By Agence France-Presse
Zambia’s broadcasting body on Thursday revoked the license of a private TV channel after it refused to air public messages about coronavirus, claiming it was still due payment by the government for past services.
Prime Television, a popular pro-opposition channel, told authorities last month that it would not air information about COVID-19 unless it was paid for government-commissioned campaign messages during elections in 2015 and 2016.
The Independent Broadcasting Authority (IBA) cancelled its licence with “immediate effect” on Thursday, citing “the interest of public safety, security, peace and welfare”.
“The Board considers it appropriate in the circumstances to do so,” said IBA board secretary Josephine Mapoma in a statement.
Prime Television director Gerald Shawa declined to comment on the IBA’s decision.
The channel’s licence was suspended for a month last year after the ruling party accused it of “biased coverage” and “unethical reporting”.
Shawa, a former cameraman at the state-owned Zambia National Broadcasting Corporation, said at the time that the suspension was issued without giving the station the right of reply.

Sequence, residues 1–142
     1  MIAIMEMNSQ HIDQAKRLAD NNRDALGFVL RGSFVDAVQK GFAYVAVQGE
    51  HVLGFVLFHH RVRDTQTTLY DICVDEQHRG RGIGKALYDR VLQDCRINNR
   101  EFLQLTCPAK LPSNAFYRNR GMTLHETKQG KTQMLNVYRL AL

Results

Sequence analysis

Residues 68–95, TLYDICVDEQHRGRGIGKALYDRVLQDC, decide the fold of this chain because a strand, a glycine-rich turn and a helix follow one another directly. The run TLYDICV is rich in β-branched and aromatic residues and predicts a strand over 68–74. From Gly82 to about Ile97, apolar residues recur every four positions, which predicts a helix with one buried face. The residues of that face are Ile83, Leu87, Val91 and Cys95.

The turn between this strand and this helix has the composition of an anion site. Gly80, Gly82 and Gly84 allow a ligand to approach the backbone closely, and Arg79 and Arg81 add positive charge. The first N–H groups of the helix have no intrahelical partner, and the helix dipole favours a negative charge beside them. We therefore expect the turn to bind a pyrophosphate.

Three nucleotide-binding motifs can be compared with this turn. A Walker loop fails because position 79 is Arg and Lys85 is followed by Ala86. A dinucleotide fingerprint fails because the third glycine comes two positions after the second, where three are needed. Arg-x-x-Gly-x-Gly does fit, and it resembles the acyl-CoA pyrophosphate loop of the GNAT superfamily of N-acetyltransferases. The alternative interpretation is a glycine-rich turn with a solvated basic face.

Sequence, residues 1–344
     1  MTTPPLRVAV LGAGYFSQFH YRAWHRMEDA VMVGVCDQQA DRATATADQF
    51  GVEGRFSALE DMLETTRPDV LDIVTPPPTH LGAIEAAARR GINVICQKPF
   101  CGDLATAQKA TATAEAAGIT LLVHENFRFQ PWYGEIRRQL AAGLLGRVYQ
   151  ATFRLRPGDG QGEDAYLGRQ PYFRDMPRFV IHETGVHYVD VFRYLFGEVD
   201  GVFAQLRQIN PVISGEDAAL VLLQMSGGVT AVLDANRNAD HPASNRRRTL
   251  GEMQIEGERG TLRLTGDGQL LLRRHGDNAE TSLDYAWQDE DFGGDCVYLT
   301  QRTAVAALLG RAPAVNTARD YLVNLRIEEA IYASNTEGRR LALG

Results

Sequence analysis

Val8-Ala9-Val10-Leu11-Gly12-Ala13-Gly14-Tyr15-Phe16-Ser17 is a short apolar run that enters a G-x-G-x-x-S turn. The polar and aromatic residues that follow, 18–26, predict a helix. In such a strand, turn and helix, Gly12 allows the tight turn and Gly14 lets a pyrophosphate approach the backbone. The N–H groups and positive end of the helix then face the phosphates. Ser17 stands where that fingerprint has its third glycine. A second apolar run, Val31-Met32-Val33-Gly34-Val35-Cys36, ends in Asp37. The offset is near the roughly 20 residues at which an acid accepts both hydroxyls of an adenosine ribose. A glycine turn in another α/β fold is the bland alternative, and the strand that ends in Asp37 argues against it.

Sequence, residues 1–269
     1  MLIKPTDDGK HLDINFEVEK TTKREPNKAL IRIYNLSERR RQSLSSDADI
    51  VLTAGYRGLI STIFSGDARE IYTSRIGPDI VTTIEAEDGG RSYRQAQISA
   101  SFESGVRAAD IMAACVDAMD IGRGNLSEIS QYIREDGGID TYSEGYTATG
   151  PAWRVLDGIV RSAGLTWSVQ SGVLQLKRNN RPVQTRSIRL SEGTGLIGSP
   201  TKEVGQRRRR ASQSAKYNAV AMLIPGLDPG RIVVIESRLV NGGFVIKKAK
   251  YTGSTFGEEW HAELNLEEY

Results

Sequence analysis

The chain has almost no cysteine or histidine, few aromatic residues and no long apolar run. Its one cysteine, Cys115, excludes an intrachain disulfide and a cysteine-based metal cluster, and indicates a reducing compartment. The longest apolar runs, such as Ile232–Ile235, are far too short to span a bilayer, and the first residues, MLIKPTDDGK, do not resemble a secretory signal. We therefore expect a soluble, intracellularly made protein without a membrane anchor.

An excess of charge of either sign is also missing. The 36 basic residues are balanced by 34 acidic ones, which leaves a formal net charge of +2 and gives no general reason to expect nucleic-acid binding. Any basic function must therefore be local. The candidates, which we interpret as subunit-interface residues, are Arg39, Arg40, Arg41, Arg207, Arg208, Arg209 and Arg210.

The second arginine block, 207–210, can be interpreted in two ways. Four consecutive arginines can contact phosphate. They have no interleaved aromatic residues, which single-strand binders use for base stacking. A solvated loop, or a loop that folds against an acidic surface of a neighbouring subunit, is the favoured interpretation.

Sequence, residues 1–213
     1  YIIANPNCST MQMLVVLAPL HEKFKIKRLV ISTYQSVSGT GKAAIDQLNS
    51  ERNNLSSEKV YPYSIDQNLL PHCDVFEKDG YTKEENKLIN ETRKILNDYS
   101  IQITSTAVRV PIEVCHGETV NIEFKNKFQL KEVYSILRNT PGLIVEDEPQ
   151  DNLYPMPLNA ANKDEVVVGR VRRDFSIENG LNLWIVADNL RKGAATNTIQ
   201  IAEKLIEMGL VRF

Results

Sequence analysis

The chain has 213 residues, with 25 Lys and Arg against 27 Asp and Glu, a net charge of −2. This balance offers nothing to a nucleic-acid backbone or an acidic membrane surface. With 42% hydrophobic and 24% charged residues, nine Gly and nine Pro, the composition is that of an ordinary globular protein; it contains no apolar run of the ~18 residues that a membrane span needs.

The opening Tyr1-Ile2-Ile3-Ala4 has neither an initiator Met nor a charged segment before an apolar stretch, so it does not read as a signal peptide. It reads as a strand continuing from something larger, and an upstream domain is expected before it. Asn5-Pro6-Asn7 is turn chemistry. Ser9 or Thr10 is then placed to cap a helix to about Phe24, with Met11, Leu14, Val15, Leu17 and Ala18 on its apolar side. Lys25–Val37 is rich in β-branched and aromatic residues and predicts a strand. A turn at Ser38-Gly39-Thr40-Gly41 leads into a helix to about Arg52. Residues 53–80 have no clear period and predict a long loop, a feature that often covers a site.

Television has played a major role in raising awareness about coronavirus in Zambia.
Adverts remind viewers to wash their hands regularly, cough into their elbows and avoid unnecessary exposure to other people.
The sometimes deadly respiratory disease has so far infected 39 people and killed one in the southern African country.
President Edgar Lungu on Thursday extended a March 25 ban on public gatherings and non-essential business operations for another two weeks, advising Zambians to observe social distance and limit movements.
Unlike most of his regional counterparts, Lungu has refrained from imposing a complete lockdown for the time being.
“This marks the seventh consecutive day with now new positive case recorded in Zambia,” said Lungu during an address to the nation.
“Therefore our cumulative numbers of COVID-19 cases recorded in Zambia remain at 39.”
While the figure remains comparatively low, many believe it is an underestimate due to lack of testing capacity.
“Don’t be misled by anyone,” tweeted Lusaka businessman Sipho Phiri. “There are no new cases in Zambia because we haven’t been testing.”
“Corona is mobbing,” he added. “We just can’t record it.”